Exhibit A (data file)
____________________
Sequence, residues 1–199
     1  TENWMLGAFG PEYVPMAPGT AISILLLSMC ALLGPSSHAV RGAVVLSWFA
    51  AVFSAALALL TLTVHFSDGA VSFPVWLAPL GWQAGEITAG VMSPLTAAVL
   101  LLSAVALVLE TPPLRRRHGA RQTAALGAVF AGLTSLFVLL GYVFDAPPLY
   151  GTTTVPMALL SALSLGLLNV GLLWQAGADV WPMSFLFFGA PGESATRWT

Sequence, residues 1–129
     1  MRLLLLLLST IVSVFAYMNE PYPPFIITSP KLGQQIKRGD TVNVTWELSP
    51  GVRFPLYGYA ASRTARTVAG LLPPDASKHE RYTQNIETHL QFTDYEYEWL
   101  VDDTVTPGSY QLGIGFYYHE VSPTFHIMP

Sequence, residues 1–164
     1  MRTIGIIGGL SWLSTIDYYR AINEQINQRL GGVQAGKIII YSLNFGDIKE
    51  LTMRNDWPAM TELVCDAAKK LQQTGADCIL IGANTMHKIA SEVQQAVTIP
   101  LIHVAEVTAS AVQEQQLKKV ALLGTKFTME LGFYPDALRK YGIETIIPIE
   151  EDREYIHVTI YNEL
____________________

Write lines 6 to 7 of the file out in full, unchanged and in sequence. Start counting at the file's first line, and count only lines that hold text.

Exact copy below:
Sequence, residues 1–129
     1  MRLLLLLLST IVSVFAYMNE PYPPFIITSP KLGQQIKRGD TVNVTWELSP